The prominence of "selfie" at the top of the LSSU list this year is reason for hope, I think, as were previous appearances by "trending," "viral" and "fail." I've been running a personal campaign against "mash-up" for about six years now, and if "hack" doesn't make the list soon, there is no justice. With any luck, the online havoc created by this month's Heartbleed bug will have rocketed the cutesy term "open" or its extended versions "open-source" and "open access" to the top of the list - to be banished before their source word loses its meaning altogether.

In the last year, I've noticed with some hilarity a local Toronto home alarm service advertising itself with bold claims that it uses "open access" technology in its systems. Why, I wonder, would "open access" ever be thought of as a plus for something designed to secure one's property? What this service actually means is that it uses a system of direct access communication to local fire departments in order to cut response times on fire calls. Why, then, don't they say direct access? I suppose because "open" access sounds so much more welcoming and friendly - look, it's open; that MUST be good.

Well, as we've recently learned the hard way, open ain't always good. This past weekend, the New York Times published this article by Nicole Perlroth suggesting the recently revealed extreme vulnerability of much of our online commerce and communications systems is directly linked to the openness of these systems.
"Much of the invisible backbone of websites from Google to Amazon to the Federal Bureau of Investigation was built by volunteer programmers in what is known as the open-source community. Heartbleed originated in this community..."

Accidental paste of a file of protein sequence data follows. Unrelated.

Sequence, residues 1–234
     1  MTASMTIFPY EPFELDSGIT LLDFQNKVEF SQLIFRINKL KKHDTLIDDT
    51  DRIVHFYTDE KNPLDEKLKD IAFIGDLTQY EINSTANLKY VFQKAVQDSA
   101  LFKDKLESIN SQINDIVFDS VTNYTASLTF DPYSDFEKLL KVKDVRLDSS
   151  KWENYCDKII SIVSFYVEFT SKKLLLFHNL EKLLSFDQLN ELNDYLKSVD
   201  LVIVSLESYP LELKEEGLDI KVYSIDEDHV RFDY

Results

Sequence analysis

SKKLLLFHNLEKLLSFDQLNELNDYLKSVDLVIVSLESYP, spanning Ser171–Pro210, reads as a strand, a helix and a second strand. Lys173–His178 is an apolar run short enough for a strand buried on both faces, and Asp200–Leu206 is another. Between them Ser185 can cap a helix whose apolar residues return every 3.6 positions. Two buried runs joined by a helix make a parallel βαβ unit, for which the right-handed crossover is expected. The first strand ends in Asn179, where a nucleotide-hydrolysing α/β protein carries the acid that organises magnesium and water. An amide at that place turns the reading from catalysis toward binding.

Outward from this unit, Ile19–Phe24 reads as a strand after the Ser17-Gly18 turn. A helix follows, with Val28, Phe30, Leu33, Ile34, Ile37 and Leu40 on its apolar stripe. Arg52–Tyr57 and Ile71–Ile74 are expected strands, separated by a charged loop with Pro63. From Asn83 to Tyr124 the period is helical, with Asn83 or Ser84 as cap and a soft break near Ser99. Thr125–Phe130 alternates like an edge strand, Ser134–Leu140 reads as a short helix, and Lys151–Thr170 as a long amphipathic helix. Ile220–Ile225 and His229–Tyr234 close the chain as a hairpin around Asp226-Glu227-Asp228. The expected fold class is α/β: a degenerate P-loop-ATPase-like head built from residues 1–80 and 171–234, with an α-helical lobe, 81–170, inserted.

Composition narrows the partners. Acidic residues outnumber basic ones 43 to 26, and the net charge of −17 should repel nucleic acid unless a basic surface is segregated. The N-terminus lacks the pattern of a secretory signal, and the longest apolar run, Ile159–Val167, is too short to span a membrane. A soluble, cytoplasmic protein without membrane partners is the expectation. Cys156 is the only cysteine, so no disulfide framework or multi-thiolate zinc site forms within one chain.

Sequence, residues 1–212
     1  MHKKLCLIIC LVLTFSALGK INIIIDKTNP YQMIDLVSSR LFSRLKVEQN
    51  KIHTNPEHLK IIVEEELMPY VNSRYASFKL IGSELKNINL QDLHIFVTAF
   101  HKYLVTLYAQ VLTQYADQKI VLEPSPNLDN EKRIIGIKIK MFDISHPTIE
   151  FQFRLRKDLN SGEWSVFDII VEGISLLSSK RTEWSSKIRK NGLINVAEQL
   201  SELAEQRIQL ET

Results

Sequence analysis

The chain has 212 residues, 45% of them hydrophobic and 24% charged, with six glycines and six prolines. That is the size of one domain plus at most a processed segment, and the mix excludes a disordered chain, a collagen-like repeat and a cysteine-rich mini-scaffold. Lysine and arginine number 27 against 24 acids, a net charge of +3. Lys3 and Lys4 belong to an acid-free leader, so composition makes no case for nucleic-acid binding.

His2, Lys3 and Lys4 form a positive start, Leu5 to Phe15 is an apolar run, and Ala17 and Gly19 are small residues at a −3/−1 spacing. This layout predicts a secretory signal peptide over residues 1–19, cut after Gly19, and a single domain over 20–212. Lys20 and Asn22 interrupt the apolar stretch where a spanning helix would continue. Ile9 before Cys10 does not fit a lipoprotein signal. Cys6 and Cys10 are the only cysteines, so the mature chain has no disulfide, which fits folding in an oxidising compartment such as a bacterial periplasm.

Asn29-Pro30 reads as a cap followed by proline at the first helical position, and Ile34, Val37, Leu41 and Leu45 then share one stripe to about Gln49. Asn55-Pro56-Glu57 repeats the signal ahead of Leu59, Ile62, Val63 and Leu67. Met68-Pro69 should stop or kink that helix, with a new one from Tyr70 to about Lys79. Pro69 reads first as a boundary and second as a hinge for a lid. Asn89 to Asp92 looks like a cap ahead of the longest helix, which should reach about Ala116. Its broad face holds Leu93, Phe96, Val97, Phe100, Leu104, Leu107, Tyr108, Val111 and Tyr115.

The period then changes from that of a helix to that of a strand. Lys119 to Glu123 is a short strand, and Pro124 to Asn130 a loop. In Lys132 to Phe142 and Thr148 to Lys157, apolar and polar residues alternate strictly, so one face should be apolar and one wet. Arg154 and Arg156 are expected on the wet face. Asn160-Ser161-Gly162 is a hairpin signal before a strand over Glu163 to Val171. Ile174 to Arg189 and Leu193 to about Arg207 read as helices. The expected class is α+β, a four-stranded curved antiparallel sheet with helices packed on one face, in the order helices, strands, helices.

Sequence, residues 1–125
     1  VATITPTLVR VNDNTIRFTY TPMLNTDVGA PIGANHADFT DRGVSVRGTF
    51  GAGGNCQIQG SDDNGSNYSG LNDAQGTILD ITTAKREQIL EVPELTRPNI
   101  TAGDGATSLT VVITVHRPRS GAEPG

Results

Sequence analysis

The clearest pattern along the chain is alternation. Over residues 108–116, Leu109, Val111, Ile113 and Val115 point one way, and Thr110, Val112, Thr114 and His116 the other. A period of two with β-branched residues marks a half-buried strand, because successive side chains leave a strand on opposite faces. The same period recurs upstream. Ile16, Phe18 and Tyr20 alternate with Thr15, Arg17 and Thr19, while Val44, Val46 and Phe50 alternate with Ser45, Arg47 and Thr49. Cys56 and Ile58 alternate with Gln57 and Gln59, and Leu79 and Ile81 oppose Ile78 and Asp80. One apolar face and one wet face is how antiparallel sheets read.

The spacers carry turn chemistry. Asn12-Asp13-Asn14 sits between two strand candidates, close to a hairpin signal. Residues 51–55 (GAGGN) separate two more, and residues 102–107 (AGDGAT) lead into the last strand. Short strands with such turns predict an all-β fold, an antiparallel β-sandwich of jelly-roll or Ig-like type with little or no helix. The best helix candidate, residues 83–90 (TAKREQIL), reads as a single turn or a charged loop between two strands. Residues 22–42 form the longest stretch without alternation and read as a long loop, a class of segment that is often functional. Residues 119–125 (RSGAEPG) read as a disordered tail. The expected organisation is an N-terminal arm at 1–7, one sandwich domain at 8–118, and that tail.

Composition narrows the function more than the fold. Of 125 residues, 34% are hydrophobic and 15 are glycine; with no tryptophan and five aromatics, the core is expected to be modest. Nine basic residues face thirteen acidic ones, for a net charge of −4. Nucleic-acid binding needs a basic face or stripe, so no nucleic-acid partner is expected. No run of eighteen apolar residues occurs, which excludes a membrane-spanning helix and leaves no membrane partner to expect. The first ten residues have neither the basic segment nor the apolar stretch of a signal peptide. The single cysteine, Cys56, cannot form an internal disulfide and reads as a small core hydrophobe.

The fact that the Heartbleed bug seems to have been surreptitiously undermining our global web security for up to two years before anyone noticed should make us all pause to re-assess how we feel about the fashionable ubiquitousness of "open." When the door to a bar is open, that's a good thing (almost always). When the door to an airliner is open, 30,000 feet up, something's probably gone wrong.

I did a quick search of the term "open source" on the New York Times website and found, naturally, that its use has increased dramatically since the turn of the 21st century and that, for the most part, it carries with it an aura of goodness. But if we look a bit further back, one notes the term has greater depth and darker connotations. A 1931 article on hygiene in the school system warns of "open sources of contagion"; a book review refers to "open sources of danger"; many articles praise the use of "open sources" for domestic and international spying.

But why would something with declared positive intentions, like the open source software movement, run into such a diabolical problem as Heartbleed. According to the New York Times, it all comes down to money.
"... for those that do work on this [open source coding and bug-checking], there's no financial support, no salaries, no health insurance... They either have to live like monks or work nights and weekends. That is a recipe for serious trouble down the road."
In other words, according to those most invested in the open source movement the open source economy would work a whole lot better if those creating and maintaining open source code were paid well to do so.

Of course, this has applications beyond the world of coding. Many educational institutions these days are banking big on open-access and open-source learning materials as a means to save money. While backing out of licensing arrangements that pay creators legally-required royalties every time our work is copied and used in the classroom, many schools reference the increased availability of open access materials. Why pay for something when you can get something else for free?

Because, as the Heartbleed bug has so dramatically demonstrated, when open also means cheap you get what you pay for.

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Image courtesy the open source of my own vacation snapshots. No one was paid for that photo, and I believe it shows.